So randomness and probabilities are inevitable parts of any discussion of distributed consensus. Just how comfortable are we with the fact that our daily choices must be guided, at least in part, by the laws of probability?
When we get behind the wheel of an automobile or strap ourselves into an airplane seat, we are literally trusting our lives to the laws of probability. Since we can't know everything about the pilot of the airplane or the other drivers on the road with us, we wrap ourselves every day in the comfortable knowledge that, with high probability, we will survive to see another day.
But when it comes to computer programs and programmers, we are much more demanding. We expect computers to be deterministic. Period. They perform exactly the same instructions over and over and any deviation from that determinism we call a "bug" or a "fault." We demand that our family photos be kept safe even in the eventuality of multiple, byzantine faults. When you check yourself into a hospital, the chances that an accident or mistake will lead to the loss of your life are quite a bit higher than the chances that an accident or mistake will result in the loss of that kitty cat picture on Facebook. (Small caveat: I totally made that up.)
The fact is, we accept that the universe is stochastic but demand that computers be deterministic. Here's a true story about how I once forced a customer of mine to face that bias and, I hope, start to change his attitude a bit.
While I was at Caringo (they probably still do this) we would periodically conduct training classes for customers of our products, which includes CAStor, a scalable, distributed object storage solution. I would typically join the students and instructors for lunch one day to answer any technical questions they had about the products. During one such training class, I learned from the instructors that one of the students was being vocally skeptical about one of the foundational assumptions we had made in the product.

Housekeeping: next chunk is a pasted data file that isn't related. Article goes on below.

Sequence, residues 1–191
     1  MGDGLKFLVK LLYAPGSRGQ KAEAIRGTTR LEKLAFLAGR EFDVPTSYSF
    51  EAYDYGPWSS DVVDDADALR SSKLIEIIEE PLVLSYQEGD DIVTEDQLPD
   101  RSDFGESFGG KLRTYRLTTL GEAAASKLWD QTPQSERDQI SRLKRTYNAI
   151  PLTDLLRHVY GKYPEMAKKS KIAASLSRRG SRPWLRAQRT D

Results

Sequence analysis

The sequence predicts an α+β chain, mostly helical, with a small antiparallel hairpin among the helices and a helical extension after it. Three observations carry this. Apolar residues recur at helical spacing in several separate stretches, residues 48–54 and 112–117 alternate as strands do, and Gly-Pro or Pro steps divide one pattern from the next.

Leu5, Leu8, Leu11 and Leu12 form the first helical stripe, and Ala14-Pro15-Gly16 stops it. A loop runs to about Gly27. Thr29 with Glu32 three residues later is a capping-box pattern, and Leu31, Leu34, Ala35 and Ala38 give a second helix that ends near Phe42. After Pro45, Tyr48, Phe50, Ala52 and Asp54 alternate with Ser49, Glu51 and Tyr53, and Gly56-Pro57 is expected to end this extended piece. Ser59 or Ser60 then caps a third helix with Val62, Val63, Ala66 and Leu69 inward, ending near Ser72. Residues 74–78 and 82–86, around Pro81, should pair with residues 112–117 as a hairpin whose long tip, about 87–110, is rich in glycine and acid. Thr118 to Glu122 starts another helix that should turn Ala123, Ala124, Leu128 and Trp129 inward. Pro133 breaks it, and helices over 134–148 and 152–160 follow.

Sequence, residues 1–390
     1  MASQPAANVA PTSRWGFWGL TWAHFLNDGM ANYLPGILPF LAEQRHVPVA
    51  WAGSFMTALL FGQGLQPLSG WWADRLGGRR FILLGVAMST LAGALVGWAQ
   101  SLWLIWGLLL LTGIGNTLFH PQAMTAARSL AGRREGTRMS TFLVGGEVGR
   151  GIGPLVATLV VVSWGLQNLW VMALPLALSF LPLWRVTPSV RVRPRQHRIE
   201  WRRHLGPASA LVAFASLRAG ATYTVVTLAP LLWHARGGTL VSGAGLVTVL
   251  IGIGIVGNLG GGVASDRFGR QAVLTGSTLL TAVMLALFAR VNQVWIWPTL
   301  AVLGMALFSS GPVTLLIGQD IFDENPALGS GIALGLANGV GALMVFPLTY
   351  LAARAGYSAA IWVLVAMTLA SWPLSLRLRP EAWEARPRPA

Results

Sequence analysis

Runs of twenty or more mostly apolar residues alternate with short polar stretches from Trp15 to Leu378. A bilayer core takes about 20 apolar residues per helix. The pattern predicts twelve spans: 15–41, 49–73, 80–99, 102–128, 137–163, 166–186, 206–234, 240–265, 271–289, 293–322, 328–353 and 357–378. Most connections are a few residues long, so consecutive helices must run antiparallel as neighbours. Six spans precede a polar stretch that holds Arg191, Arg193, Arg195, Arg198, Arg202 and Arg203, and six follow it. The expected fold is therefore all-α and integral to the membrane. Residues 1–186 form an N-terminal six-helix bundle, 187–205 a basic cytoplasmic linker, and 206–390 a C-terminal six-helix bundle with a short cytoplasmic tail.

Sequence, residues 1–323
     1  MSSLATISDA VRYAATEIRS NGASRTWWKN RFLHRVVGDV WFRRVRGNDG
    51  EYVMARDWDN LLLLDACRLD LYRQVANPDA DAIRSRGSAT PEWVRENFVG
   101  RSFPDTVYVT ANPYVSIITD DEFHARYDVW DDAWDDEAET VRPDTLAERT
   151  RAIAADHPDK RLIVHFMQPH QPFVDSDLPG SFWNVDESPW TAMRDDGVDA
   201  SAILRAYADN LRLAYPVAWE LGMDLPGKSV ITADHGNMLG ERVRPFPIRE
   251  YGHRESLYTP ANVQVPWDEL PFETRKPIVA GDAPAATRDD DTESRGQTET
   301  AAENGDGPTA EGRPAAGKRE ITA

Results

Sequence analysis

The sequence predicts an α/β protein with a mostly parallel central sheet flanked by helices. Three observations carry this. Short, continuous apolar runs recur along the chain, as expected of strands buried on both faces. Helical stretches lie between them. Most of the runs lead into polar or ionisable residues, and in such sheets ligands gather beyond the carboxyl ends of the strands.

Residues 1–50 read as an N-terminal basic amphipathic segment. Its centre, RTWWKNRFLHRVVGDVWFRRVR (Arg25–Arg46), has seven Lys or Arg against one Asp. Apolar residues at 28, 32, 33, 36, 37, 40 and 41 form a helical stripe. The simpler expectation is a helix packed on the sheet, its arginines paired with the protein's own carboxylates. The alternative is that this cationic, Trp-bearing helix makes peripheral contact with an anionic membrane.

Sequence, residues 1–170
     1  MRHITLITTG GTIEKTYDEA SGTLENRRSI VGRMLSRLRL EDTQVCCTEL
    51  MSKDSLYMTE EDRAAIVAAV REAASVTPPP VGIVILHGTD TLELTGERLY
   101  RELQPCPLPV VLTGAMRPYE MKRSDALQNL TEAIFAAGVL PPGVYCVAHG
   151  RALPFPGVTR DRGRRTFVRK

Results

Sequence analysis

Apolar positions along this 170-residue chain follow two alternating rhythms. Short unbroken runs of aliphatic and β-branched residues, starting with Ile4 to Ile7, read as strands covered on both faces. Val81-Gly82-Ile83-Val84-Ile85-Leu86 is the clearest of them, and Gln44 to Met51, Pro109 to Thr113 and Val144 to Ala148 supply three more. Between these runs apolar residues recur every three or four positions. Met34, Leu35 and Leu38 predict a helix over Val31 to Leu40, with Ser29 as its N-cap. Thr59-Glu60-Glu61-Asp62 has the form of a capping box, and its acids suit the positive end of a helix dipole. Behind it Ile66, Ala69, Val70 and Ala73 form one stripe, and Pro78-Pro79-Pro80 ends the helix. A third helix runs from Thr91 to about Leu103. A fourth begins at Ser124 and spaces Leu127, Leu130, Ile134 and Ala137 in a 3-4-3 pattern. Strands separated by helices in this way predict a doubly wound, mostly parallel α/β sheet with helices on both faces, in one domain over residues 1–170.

CAStor can store billions, even trillions of distinct data objects, each of which has a universally unique identifier (UUID) associated with it. Other similar products on the market generate these UUIDs in a deterministic fashion that necessarily involves a central naming authority - an expensive and fragile solution IMHO. CAStor's innovation in this area was to instead use a large truly random number for these UUIDs, removing the requirement for a central authority and significantly simplifying the generation and management overhead.
Using this mechanism, the chances that two distinct objects will be assigned exactly the same UUID are very, very, very (to the 42nd power) small. But it is possible and, of course, it would be a bad thing if it happened, which is exactly the objection being raised by our skeptical student. I mean, we're talking about computers here, and he expected a deterministic guarantee that such a collision is not possible.
So I expected a question along these lines during our meet-the-architect lunch. But it didn't come. At the end of the lunch, after we'd all finished our deli sandwiches, I decided to bring up the topic myself. I went into the kitchen of our corporate offices and retrieved a wine glass that had been sitting on the top shelf collecting dust. Back in the training room, I tapped the glass with my pen to get everyone's attention and, without saying a word, placed the glass into my empty lunch sack, twisted it shut, and put it on the conference table. Then I picked up a heavy metal power strip and, again without a word to the class, pounded the sack with the power strip until the glass was thoroughly shattered.
Everyone moved away from me there in the training room. The instructors, whom I hadn't warned about this, considered calling building security.
After a brief pause for effect, I picked up the lunch sack and began shaking it vigorously. Then I asked, "Who here believes the glass will spontaneously reassemble itself if I keep shaking the bag?"
No one answered. So I upped the ante.
"What if I continue shaking it like this all day? All year?" Nobody answered.
"What if I continue shaking the sack for the rest of my life? Who believes the glass shards will accidentally find their way back in the exact same configuration they started in to reform the wine glass?"
Finally, the troublemaker student answered. He timidly said, "Well, it could happen."
"Exactly," I said. "It could happen. And if any of you believe it actually will, I recommend you should not buy our product." And I left the room.
I'm happy to report that our "troublemaker" student became a big believer in our product and is still a customer.